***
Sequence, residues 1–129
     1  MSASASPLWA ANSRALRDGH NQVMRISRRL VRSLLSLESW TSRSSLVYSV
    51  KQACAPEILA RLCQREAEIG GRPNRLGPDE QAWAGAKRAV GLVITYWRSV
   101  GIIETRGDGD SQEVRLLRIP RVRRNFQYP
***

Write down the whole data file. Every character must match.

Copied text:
Sequence, residues 1–129
     1  MSASASPLWA ANSRALRDGH NQVMRISRRL VRSLLSLESW TSRSSLVYSV
    51  KQACAPEILA RLCQREAEIG GRPNRLGPDE QAWAGAKRAV GLVITYWRSV
   101  GIIETRGDGD SQEVRLLRIP RVRRNFQYP